Tsar Ivan Shishman (1371 - 1395)
AN OLD RUSSIAN PROVERB SAYS that the thirst for power is the hardest to quench. Ivan Shishman, Ivan Alexander's frstborn son from his second marriage, craved power. But his proved to be a short brush with power. He succeeded his father to the throne in Turnovo, but the state had become a shadow of one-time great Bulgaria. Almost all ties with the other two Bulgarian states, Ivan Sratsimir's Vidin principality and the Dobroudja principality of Despot Dobrotitsa, had been severed. Ivan Shishman's struggle to survive under the pressure of the Ottoman offensive soon turned into a desperate and valiant, though hopeless fight.
At the end of September 1371 a messenger brought the news that at the village of Chernomen in the valley of the Maritsa river, Sultan Murad's army had defeated the troops of the brothers Vulkashin and Uglesha from Macedonia. The two defeated nobles were the first to face and fight the invader. The Turks ravaged the Bulgarian lands, leaving terror and ruin behind them. Ivan Shishman watched them conquer Macedonia and the Rhodopes, aware that he was not strong enough to help Bulgarian strongholds in the Rhodopes against the assailants. Northern Thrace and the Zagore region also fell prey to the invader. "And indeed, those still alive were envying those already dead...," wrote the monk Issay.
The son of Ivan Alexander was to suffer the consequences of dissent between him the Balkan rulers. Ivan Shishman himself, in the face of the common threat, found it hard to extend a hand to his neighbors. He was compelled to make peace and to suffer the humiliation of becoming vassal to the Sultan, even allowing the Sultan to marry his sister Kera Tamara. Soon afterwards the Turks violated the treaty. After heavy fighting, Ivan Shishman surrendered Ihtiman, Samokov and Sofia. He fought desperately to defend the western part of the Balkan range, but Murad's troops overran Nish and Prilep and headed for the heart of the Balkans.
Only then did Ivan Shishman and the other Balkan rulers manage to join forces. King Lazar of Serbia, the Bosnian King and Despot Ivanko of Dobroudja offered an alliance to Ivan Shishman, which he entered though unable to supply troops. In 1387 the allied Christian forces routed the Turks at Plocnik (Serbia), proving that the Sultan's army was not immune to defeat. Tsar Ivan Shishman could heave a sigh of relief, see to his rump of a kingdom and encourage Patriarch Euthymius to keep the Turnovo art school going, to the glory of Bulgaria in the Slavic world.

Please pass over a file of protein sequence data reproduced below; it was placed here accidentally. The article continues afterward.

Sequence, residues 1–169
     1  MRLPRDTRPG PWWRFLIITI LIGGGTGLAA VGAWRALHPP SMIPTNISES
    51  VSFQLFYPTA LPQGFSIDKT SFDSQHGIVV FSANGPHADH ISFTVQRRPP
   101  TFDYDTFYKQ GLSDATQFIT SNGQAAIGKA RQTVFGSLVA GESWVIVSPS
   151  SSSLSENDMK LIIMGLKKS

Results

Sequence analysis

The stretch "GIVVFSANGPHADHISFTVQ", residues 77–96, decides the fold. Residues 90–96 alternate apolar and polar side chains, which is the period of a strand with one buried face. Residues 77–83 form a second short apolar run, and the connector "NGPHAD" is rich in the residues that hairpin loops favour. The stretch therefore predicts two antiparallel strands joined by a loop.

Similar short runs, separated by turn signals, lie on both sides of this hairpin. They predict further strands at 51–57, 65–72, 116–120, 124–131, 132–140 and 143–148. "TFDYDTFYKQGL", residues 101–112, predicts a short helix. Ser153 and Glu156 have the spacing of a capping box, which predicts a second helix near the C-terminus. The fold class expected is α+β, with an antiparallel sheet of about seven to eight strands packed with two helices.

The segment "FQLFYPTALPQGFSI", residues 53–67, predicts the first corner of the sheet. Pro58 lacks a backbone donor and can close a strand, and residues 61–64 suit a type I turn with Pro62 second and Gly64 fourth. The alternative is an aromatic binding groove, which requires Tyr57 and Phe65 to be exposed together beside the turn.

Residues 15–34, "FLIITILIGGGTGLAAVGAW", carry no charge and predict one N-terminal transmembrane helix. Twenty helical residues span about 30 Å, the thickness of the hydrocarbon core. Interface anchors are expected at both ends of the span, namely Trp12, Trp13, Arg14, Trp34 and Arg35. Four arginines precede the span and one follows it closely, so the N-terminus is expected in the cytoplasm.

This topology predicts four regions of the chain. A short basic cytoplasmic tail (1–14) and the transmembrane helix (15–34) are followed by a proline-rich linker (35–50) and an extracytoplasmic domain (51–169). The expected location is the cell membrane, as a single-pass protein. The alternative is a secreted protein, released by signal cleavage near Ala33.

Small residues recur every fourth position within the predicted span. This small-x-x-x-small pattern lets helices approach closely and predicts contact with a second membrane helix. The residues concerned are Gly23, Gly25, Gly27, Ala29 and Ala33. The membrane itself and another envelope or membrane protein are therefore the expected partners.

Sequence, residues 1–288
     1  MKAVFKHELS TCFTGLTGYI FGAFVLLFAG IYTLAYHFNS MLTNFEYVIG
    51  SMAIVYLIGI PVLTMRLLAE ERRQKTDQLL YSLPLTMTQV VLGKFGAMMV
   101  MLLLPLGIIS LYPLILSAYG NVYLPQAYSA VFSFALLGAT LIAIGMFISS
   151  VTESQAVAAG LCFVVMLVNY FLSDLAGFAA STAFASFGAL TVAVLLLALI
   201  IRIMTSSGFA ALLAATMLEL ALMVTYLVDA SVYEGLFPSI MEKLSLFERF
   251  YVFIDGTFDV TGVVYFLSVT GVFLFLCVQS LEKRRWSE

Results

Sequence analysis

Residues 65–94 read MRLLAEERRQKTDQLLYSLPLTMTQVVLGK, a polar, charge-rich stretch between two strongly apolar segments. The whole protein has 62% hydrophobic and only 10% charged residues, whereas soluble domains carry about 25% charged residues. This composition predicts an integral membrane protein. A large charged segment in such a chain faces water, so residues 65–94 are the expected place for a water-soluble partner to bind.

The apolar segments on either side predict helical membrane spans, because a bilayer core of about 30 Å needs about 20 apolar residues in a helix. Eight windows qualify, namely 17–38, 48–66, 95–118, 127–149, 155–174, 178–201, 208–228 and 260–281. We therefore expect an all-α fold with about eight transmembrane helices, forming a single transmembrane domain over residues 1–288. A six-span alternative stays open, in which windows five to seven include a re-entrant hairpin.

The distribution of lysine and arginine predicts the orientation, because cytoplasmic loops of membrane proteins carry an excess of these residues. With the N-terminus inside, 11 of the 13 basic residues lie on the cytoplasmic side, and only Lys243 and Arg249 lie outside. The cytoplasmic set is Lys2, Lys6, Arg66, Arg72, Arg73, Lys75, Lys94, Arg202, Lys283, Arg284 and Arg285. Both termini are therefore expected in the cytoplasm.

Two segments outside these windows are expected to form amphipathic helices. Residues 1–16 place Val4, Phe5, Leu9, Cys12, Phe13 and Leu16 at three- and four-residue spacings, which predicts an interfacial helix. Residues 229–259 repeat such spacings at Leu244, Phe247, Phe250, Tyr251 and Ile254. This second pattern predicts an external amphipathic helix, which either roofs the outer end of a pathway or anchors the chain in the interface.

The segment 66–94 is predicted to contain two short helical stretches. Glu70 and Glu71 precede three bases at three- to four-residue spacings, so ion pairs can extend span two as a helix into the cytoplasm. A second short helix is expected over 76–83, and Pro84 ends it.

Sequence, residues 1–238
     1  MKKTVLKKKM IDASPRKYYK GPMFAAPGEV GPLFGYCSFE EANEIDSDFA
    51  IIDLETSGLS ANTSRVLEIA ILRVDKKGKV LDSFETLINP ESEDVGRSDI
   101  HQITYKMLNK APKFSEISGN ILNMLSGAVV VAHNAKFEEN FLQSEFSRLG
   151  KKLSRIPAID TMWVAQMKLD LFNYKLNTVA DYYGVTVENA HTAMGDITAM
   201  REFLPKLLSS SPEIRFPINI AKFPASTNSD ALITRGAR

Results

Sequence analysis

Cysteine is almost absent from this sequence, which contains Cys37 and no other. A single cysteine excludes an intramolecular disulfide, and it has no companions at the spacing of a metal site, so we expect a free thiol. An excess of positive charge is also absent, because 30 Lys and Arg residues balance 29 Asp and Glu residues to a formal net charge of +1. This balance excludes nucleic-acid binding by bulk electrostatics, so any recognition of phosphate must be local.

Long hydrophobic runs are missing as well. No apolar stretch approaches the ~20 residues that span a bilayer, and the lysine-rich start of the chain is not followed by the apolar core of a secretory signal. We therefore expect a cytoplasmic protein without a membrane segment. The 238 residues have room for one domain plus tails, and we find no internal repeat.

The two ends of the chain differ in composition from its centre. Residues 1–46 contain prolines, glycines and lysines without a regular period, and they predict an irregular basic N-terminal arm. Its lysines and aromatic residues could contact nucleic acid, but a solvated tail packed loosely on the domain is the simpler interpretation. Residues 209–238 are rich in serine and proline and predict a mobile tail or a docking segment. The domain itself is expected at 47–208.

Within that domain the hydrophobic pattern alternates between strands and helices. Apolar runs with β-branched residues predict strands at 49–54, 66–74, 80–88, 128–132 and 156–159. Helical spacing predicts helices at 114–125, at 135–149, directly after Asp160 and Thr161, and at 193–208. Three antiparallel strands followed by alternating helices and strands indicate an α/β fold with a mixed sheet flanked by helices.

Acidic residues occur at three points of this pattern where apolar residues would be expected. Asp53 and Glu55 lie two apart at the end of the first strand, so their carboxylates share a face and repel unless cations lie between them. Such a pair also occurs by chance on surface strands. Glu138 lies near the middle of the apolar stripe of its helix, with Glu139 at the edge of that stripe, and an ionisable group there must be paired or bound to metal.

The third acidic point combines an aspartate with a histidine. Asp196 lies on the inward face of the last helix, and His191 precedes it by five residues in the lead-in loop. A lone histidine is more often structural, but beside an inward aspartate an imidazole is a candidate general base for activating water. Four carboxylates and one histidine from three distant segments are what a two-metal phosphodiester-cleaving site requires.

However, the Turkish army, once recovered from the defeat, took the offensive again. It penetrated the Balkan passes and conquered some of northeastern Bulgaria around the fortress of Drustur on the Danube. Ivan Shishman was forced to confirm his submission as vassal to the Sultan. After the tragic defeat of the Christian army at Kossovo Pole (Serbia) in June 1389 the Bulgarian troops returned home fewer in number and frustrated. The defeat of the allied Christian forces paved the way for total Balkan domination by the Ottoman Turks.
The Tsar in Turnovo was in a bind. He was a good warrior and diplomat, but he was not strong enough to prevent the Ottoman conquest. In July 1393, after three months in siege under the courageous leadership of Patriarch Euthymius, the capital Turnovo finally fell. In the besieged stronghold of Nikopol, the Tsar heard of the massacred boyars and of the population sold as slaves. Ivan Shishman held this last piece of Bulgarian land in the ancient fortress on the Danube for months, while Turkish attempts to crush the resistance failed. But so did Ivan Shishman's efforts to form an alliance with the Hungarian King Sigismund against the Turks. He watched the principality of Dobroudja collapse and the invaders close the ring around the Vidin kingdom. The Second Bulgarian State was perishing before his eyes.
In 1395 Ivan Shishman finally succumbed to the army of Sultan Murad and died in captivity. The Bulgarian people sang songs about Tsar Ivan Shishman and his army which took the blow and temporarily saved Europe from the Ottoman invaders.